Play-based learning or learning through play is a seeming buzz-concept. It is referenced in activities, educational resources, blogs, educational talks, and more. While the term is becoming increasingly common, many may be left wondering why the phenomenon is so prominent and how they can facilitate play-based learning at home. The reason play-based learning is so integral to early childhood learning because there is an overwhelming and mounting about of scientific research that supports it.
There is now evidence that neural pathways in children’s brains are influenced and advanced in their development through exploration, thinking skills, problem solving, and language expression that occur during play. Research also demonstrates that play-based learning leads to greater social, emotional, and academic success. Based on such evidence, ministers of education endorse a sustainable pedagogy for the future that does not separate play from learning but brings them together to promote creativity in future generations. In fact, play is considered to be so essential to healthy development that the United Nations has recognized it as a specific right for all children. – Council of Ministers of Education Canada
Play is an important vehicle for developing self-regulation as well as promoting language, cognition, and social competence… Children of all ages love to play, and it gives them opportunities to explore the world, interact with others, express and control emotions, develop their symbolic and problem-solving abilities, and practice emerging skills. Research shows the links between play and foundational capacities such as memory, self-regulation, oral language abilities, social skills, and success in school. – The National Association for Education of Young Children (USA)
So now you have a very brief summary of the research, the question remains how? What are the ways to get the most out of learning through play at home? I decided to ask my mom, a retired elementary school principal turned university professor and faculty advisor for teaching students, some of her advice. Here are her ways to facilitate play-based learning at home.
10 Ways To Facilitate Play-Based Learning At Home
1. Turn off the TV, tablet, and background noise of electronics. While technology can be a wonderful compliment to education, screen time should not be integral to a child’s learning. Even though the content may seem educational, there is evidence that using screen time as a substitute for reading or interacting with your child can be detrimental. (See one resource on this here)Less screen time, more green time #playbasedlearning Click To Tweet
2. Allow for large chunks of free play each day. You may have noticed in after a particularly busy day, you need to put your feet up and your child takes to playing. In letting them play by themselves, kids learn to self-regulate and are free to explore.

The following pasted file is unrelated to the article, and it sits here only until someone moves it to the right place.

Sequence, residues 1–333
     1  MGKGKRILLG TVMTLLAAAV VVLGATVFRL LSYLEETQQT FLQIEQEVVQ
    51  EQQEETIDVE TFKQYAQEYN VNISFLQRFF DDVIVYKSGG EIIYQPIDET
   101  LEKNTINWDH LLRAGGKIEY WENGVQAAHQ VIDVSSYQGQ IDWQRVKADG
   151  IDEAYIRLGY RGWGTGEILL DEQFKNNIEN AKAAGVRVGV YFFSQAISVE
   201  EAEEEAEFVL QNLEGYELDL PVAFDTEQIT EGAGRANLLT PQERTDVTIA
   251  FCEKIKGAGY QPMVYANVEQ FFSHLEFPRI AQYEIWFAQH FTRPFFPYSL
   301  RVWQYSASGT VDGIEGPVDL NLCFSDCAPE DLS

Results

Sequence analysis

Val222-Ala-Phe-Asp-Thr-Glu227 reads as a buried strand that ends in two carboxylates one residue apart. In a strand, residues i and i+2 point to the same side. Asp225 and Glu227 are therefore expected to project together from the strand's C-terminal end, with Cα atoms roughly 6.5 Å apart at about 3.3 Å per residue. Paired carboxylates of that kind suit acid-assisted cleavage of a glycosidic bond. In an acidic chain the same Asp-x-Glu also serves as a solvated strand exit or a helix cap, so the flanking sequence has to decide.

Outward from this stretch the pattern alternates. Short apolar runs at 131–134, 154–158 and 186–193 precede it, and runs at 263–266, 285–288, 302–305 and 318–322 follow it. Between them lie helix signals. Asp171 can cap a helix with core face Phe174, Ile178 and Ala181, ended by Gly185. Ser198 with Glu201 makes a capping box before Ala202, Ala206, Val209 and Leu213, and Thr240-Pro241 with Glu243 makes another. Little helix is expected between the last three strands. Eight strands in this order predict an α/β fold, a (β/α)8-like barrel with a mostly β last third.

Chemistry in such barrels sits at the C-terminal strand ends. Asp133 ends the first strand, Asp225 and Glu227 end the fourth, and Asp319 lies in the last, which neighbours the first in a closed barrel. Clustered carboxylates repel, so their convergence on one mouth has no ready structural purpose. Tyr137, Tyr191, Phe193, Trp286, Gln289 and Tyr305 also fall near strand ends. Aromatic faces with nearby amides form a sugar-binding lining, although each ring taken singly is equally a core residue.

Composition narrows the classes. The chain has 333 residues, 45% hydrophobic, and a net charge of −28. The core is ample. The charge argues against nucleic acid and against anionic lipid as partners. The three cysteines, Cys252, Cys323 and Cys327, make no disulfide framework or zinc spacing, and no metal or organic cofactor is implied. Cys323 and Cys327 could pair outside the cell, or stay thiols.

3. Let play be child-directed and give them ample opportunity to play alone. It can be tempting to control or coordinate play. However, child-directed play increases self-regulation and allows for more exploration and causal understanding.
4. When engaging in their play, follow their lead. Get down to their level. Play alongside them. The purpose of Child-Direct Play (CDP) is “[t]o enhance the child’s sense of appropriate control, self-regulation, and self-confidence; to provide an opportunity for the child’s access to focused, uninterrupted adult attention and close contact, without having to rely on negative or provocative behaviors to do so; and, to improve the level of understanding between the parent and child and the child’s sense of confidence and security in that relationship.” – Dr. McCurry Ph. D. (see more on this resource here).
5. Imitate, elaborate and ask questions based on what your child is doing. Try just add a little more vocabulary or description to your child’s play. Be observant for their interests and add to their repertoire by adding something new into chosen favourites.
6. Introduce materials such as paint or play dough that allow for their manipulation. Different textures and colours add interest and peak curiosity
7. Incorporate common household items to add a new dimension to their play. Tongs to pick up small items, oven mitts can be a makeshift puppet, a colander with pipe cleaners or dry pasta can act as wonderful sources of entertainment!
8. Get outside. Outdoor play is also excellent for children as they learn cause and effect, appreciation of nature and benefit from fresh air. They also develop coordination and it is fun!
9. Give your child opportunities to play with other children. Through these opportunities they learn to cooperate, negotiate and be kind.
10. Don’t be afraid to think outside the box. Rain puddles, a quickly jotted down list of scavenger hunt items, collecting natural items for painting can make a typical walk to the park more exciting and can lead to more fun once home!
What are your best strategies to facilitate play-based learning at home? Please share below!
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